How a Law is Made
One of Parliament’s major roles is to make laws. There are five key steps involved in making a law, which are outlined below. You can also watch our animation or view the flow chart to understand how Parliament makes laws.
1) Policy development
The first stage in the legislative process is developing an idea for new or changed laws. Ideas can be generated from a number of sources, including election commitments, lobby groups, public opinion, the media and the public service.
2) Draft Bill
This stage involves converting the policy idea into draft legislation that will eventually be placed before Parliament as a Bill. For the Government, the technical detail of each clause is drafted by the Office of the Chief Parliamentary Counsel (OCPC). Private Members must draft their own Bills, unless approval is given by the Premier for OCPC to draft the Bill on their behalf. Once the Member or Minister is happy with the draft Bill, it can be introduced into the Parliament.
3) Parliamentary process
A Bill can be introduced in either House but must be passed by both Houses before it can become a law. In each House, the Bill passes through a number of stages known as readings.
A summary of the readings is below. For greater detail on the stages of a Bill, see Legislative Assembly Fact Sheet 2: Stages of a Bill or Legislative Council Information Sheet 10: Bills.
Introduction and First Reading
The introduction is a formal stage at which the Member introducing the Bill reads the long title of the bill. At this stage, the Bill is still confidential and is not available in hard copy or on Parliament’s website.
The Clerk announces the Bill by reading its short title and the Member moves that it be read a second time. The Member then makes the second reading speech outlining the Bill’s intentions. Following the second reading speech, debate on the bill is adjourned to give Members time to study the Bill.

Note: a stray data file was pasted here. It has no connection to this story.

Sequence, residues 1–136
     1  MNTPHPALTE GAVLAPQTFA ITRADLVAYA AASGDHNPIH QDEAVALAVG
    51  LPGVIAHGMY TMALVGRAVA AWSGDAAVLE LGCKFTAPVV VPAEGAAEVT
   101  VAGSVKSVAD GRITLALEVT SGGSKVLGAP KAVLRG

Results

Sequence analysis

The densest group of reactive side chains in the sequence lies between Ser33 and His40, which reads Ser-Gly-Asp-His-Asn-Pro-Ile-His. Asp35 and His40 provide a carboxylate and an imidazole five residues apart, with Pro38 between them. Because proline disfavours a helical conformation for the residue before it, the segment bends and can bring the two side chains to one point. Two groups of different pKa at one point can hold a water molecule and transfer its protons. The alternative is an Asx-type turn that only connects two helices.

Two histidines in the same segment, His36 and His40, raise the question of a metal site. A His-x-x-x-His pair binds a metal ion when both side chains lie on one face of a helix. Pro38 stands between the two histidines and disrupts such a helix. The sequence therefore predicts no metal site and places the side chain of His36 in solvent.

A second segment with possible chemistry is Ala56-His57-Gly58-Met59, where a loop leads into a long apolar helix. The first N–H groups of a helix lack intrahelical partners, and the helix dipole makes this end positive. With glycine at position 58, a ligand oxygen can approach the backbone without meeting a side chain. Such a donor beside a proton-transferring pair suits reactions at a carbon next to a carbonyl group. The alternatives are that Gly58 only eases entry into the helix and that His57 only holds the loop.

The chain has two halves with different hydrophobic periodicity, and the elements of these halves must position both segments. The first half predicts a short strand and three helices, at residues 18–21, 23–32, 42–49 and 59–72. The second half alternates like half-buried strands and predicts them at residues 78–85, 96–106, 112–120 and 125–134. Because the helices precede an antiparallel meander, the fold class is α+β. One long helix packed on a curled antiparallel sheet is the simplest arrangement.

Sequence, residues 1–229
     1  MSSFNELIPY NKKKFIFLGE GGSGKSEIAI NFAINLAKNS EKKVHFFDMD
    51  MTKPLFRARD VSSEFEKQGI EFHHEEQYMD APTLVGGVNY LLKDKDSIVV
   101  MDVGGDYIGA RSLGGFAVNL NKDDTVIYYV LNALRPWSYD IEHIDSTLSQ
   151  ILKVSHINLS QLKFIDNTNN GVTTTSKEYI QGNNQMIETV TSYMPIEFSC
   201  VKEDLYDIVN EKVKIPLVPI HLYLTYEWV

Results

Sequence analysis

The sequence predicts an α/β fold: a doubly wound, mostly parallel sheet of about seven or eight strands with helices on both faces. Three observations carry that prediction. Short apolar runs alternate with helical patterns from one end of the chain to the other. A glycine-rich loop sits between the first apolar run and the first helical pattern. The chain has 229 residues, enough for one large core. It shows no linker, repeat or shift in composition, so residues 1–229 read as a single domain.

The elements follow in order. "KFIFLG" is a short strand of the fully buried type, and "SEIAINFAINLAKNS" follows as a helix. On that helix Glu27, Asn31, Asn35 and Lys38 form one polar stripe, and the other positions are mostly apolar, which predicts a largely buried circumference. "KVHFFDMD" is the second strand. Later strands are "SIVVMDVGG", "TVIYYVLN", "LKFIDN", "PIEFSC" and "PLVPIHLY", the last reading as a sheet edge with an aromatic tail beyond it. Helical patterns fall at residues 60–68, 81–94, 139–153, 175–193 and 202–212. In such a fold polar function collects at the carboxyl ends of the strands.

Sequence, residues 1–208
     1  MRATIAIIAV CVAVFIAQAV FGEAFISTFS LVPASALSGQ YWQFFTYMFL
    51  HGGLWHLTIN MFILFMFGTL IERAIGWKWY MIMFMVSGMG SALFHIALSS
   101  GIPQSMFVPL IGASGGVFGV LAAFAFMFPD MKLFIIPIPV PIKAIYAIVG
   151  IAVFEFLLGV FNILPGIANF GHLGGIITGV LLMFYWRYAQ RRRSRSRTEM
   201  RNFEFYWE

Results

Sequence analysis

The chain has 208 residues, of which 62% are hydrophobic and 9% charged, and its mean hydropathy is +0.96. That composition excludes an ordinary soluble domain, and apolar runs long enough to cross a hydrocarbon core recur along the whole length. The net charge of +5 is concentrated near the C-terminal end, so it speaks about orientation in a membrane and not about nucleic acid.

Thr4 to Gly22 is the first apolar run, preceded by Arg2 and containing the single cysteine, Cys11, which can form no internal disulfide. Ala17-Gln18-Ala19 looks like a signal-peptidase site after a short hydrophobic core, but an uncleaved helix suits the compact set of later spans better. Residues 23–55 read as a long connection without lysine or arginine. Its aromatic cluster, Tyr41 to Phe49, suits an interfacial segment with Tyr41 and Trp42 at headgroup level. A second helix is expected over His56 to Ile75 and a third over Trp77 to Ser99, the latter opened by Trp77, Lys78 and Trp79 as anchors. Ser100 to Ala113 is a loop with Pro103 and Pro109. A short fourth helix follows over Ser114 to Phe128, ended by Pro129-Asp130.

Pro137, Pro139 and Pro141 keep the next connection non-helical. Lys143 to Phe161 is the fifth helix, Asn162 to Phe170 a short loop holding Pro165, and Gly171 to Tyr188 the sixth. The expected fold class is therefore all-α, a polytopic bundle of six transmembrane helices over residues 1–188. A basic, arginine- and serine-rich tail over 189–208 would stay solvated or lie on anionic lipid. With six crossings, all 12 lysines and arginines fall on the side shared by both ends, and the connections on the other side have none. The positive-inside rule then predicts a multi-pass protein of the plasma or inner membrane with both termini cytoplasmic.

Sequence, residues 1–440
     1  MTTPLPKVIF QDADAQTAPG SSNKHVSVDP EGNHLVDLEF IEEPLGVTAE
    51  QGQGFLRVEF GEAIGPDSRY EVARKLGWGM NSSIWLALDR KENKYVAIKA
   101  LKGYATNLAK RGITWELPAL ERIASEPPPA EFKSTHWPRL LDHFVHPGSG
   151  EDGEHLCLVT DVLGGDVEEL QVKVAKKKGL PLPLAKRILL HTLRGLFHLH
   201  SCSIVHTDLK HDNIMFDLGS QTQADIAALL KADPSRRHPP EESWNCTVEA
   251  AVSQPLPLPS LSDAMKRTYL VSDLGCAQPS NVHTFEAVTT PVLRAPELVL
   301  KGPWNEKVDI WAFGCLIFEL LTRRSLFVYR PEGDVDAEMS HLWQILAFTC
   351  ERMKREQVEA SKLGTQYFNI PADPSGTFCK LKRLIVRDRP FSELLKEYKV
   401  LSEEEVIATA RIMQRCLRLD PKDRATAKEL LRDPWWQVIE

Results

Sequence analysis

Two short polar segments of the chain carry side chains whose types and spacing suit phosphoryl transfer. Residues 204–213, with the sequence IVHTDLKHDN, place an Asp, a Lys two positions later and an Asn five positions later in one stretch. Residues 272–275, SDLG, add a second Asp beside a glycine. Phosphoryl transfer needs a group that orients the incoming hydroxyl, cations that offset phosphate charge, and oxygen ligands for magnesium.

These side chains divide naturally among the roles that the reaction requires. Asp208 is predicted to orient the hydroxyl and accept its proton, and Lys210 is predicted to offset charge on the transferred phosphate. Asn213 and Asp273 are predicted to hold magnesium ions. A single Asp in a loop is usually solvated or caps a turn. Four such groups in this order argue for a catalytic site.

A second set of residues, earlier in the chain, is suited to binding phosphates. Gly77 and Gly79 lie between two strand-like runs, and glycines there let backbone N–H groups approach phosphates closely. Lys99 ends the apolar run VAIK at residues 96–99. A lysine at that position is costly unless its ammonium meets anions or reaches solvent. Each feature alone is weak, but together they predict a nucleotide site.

When the Bill is next called on for debate, Members can make speeches in support or against the Bill. At the conclusion of the second reading debate, Members vote on the Bill. If the Bill is supported by a majority of Members, it proceeds to the next stage.
Consideration in Detail (Legislative Assembly) or Committee of the Whole (Legislative Council)
This stage may be dispensed with if all members agree. It is generally used where amendments to the bill are moved or where, for example, the Opposition wishes to debate the clauses of the bill in detail or ask questions to the Member who introduced the Bill.
There may be some debate at the third reading stage but normally most of the debate will have already taken place. Once a Bill passes its third reading, it has passed through all stages in the House.
4) Royal Assent
Once a Bill has been passed by both Houses of Parliament in the same form, it is presented to the Governor of Victoria for Royal Assent.
Some Bills come into operation immediately after they have received Royal Assent. Other Bills do not become operational until the commencement date, which is a future date specified in the Bill. Other Bills come into operation ‘on a day to be proclaimed’, which is a future date decided by the Governor, acting on advice of the responsible Minister.Last Updated on Friday, 11 January 2013